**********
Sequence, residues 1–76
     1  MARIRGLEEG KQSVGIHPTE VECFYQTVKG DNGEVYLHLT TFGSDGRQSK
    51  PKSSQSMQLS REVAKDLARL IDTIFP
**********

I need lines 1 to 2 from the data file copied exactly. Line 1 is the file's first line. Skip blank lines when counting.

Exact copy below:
Sequence, residues 1–76
     1  MARIRGLEEG KQSVGIHPTE VECFYQTVKG DNGEVYLHLT TFGSDGRQSK